“On May 9th, Nadezhda ‘Nadia’ Tolokonnikova and Maria ‘Masha’ Alyokhina, who were persecuted for their involvement in Pussy Riot, specifically their Punk Prayer performance in Moscow, Russia, met up with the Justice For Cecily Team in preparation for their visit to Cecily McMillan at Rikers Island. They were very interested to learn about the injustices in this case, specifically in the prosecutorial process and the nested relations between Wall Street, the justice system and elected officials. Nadia and Masha identified with Cecily’s plight, especially the disproportionate sentencing she faces. We thank Nadia and Masha for visiting, and hope their visit will draw attention to Cecily’s case in the larger context of stifling dissent whether here, in Russia or elsewhere in the world.”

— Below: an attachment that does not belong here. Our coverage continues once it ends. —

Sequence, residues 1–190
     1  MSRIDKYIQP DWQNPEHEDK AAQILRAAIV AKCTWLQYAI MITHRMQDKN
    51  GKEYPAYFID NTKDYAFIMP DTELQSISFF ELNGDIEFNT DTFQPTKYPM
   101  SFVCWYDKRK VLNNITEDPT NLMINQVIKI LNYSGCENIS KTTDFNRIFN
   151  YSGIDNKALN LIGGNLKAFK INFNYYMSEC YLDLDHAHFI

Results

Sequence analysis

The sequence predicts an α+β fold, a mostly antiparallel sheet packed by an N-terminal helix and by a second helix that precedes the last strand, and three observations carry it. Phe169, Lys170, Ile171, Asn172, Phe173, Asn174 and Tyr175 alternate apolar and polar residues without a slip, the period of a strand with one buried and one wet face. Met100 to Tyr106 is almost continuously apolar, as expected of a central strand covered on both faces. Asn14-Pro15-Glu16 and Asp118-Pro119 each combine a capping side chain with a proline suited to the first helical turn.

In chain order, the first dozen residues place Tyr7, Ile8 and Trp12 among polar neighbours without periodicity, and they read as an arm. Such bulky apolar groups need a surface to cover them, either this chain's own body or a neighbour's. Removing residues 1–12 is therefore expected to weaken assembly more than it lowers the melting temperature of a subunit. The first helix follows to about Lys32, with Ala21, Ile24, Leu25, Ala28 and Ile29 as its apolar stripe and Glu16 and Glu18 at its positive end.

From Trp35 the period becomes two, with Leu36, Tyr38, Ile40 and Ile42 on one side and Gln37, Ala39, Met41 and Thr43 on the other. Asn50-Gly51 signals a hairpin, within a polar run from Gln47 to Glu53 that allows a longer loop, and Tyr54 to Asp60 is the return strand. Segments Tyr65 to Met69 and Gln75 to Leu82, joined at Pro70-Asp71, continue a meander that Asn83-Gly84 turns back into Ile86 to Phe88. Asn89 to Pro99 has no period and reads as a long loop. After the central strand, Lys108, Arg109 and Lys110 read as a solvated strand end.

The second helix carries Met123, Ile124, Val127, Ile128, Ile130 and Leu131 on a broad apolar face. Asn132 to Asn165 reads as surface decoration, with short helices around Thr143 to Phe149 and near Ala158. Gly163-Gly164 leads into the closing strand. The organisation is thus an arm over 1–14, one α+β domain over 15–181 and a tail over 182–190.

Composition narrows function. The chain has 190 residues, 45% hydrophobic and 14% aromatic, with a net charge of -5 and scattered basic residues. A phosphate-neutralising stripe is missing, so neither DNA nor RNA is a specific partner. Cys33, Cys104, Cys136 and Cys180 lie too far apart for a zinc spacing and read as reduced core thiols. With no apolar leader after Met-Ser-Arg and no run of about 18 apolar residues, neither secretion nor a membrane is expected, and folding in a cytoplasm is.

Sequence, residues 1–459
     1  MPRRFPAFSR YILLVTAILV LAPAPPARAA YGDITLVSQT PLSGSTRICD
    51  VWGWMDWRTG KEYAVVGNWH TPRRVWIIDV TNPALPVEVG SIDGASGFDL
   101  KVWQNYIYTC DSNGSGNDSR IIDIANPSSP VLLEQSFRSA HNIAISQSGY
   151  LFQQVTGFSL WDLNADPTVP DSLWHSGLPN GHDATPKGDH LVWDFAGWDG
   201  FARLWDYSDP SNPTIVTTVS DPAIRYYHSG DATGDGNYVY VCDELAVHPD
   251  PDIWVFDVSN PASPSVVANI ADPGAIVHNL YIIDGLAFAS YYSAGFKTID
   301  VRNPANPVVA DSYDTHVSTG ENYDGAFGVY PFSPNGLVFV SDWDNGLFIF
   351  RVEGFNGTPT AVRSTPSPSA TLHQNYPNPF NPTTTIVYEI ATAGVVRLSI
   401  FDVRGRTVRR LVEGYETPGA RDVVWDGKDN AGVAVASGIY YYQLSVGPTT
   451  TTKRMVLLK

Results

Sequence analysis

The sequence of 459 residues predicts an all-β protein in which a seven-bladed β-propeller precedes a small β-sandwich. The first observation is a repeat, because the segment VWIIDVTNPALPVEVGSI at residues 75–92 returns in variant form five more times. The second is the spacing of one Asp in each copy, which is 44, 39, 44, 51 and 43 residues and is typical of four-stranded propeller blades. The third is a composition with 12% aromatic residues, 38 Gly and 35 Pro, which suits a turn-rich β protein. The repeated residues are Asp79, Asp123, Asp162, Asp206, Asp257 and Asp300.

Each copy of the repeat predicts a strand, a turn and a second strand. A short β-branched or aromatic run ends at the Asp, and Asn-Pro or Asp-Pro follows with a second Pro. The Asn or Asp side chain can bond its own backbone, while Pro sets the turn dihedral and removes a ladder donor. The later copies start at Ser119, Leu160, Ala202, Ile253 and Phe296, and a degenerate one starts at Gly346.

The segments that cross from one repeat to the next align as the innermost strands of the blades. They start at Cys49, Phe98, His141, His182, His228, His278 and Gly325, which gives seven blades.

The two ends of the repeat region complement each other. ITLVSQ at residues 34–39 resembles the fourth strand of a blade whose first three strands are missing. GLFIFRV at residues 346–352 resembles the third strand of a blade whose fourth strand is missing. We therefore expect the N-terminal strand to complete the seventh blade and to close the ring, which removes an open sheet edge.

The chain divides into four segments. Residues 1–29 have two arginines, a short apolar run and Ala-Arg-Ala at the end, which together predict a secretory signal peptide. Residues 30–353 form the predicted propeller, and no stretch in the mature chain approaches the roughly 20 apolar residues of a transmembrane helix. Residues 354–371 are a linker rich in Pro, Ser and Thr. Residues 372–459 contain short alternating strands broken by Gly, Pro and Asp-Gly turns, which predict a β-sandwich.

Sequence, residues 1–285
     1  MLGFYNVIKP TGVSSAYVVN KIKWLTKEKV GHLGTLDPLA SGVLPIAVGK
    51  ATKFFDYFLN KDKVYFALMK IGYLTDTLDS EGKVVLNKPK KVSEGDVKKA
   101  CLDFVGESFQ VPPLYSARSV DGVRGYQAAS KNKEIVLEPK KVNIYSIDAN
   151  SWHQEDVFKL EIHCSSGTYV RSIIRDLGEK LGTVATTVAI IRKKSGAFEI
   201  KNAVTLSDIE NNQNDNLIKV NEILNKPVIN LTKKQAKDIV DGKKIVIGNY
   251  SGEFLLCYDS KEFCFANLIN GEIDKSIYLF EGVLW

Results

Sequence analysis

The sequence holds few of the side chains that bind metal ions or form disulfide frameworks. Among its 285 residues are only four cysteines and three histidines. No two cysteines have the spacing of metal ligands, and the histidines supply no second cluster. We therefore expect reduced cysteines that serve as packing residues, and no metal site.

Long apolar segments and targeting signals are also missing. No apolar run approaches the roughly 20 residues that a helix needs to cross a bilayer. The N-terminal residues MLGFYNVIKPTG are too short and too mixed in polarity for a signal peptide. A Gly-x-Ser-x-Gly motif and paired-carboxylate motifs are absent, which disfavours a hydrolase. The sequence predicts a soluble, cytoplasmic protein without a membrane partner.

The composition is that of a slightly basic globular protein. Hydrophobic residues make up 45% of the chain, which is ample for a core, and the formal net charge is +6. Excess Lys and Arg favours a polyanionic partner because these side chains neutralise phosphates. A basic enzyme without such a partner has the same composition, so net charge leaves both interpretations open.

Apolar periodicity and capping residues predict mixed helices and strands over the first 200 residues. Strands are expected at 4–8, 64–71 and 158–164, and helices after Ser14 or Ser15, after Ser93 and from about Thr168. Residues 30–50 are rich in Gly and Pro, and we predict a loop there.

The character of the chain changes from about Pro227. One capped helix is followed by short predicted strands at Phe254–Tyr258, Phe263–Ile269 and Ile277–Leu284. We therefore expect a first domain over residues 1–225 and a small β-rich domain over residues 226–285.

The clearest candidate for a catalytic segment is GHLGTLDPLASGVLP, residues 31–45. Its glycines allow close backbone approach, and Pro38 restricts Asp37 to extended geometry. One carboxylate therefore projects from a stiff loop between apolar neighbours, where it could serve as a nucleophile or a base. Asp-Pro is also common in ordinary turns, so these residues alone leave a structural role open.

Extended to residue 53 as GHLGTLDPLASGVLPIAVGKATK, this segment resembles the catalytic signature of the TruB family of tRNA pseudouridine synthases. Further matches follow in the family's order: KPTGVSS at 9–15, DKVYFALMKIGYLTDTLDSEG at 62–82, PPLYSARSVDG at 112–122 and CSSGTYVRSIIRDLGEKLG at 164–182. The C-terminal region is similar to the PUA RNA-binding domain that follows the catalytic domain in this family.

We all know what a horrible decision it was to find OWS activist Cecily McMillan guilty of assault and put her in jail for 7 years when she was the victim of a police assault, but an unlikely group agrees with us: her jurors.
Click LIKE and SHARE if you demand #Justice4Cecily and make sure to sign this petition to NY State Gov. Cuomo to pardon her:
Yesterday, an Occupy Wall Street protester named Cecily McMillan was convicted by a New York state court of assault on a police officer. But what happened to her on the night of March 17, 2012, when she was arrested during a raid at Zuccotti park, is very much up for debate. These photographs, provided by an eyewitness, may shed some light.
Last nite the n-word was trending on twitter in Boston after a Black hockey player, PK Subban, scored the winning goal against the Bruins. This is why Celtics-legend Bill Russell said Boston is the most racist city in the U.S. He faced the same kind of abuse even as he was a star player on a Boston sports team!